Govt-appointed experts' panel suggests regulating data, checking monopolies

While the government is working on the protection of personal data, MeitY has also started a process to prepare a framework for non-personal data.
An experts' committee set up by the government under the chairmanship of Infosys co-founder Kris Gopalakrishnan has highlighted the need to regulate data, and expressed alarm at the imbalance being created by dominant internet giants such as Google, Facebook and Amazon.

A report submitted by the panel to the Ministry of Electronics and IT (MietY) said that not only economic, but also most critical social, political and cultural activities will depend upon data, and allowing data monopolies in a large consumer market like India could lead to the creation of imbalances in bargaining power.

"This may be the right time to set out rules to regulate the data ecosystem (which includes data collection, analysis, sharing, distribution of gains, and destruction) to provide certainty for existing businesses and provide incentives for new business creation, as well as to release enormous untapped social and public value from data." the report on non-personal data governance said.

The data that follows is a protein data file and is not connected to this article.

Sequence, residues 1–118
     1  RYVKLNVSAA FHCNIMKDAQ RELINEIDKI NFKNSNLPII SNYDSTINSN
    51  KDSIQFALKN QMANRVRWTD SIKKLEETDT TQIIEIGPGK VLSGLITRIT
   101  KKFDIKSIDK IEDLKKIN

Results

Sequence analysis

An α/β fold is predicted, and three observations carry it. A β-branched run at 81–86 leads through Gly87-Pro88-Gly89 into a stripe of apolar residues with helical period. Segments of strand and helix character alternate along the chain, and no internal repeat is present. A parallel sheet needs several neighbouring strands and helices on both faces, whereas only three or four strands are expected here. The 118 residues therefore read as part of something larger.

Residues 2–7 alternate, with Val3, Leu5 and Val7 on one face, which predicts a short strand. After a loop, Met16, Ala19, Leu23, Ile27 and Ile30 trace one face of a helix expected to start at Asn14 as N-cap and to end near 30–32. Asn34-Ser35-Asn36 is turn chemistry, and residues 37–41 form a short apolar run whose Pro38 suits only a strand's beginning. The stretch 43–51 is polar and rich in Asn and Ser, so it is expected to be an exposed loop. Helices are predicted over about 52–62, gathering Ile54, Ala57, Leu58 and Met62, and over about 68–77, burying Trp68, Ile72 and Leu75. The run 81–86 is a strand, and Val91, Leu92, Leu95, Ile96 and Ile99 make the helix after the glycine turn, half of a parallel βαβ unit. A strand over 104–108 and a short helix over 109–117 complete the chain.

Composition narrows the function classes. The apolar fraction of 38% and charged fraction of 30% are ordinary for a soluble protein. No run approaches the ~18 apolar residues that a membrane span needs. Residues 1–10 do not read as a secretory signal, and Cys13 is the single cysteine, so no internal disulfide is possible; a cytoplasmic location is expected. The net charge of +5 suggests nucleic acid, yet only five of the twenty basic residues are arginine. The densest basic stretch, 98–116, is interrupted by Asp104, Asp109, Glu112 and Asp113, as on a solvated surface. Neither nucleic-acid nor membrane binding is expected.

The government has invited feedback from public on the report submitted by the committee to fine-tune the suggestions of the panel for non-personal data governance.

"It is reported that Google and Facebook together control about 60 per cent of the internet advertising market in the US. It is also estimated that Amazon had a 37 per cent share of the online e-commerce market in the US in 2019. This is reflected in the very large market capitalisation of these corporations," the report said.

While the government is working on the protection of personal data, MeitY has also started a process to prepare a framework for non-personal data.

According to the Gopalakrishnan panel, organisations have been discovering ways to generate value from data and the digital economy is witnessing the emergence of a few dominant players and a certain imbalance in the market.

"A combination of a 'first mover advantage' for these large data-driven platforms and businesses, with the sizable network effect and enormous data that they have collected over the years, has left many new entrants and start-ups being squeezed and faced with significant entry barriers," the report said.

The panel has favoured the case to regulate data for creating certainty and incentives for innovation and new products and services creation in India, encourage start-ups in India and address privacy concerns, among others.



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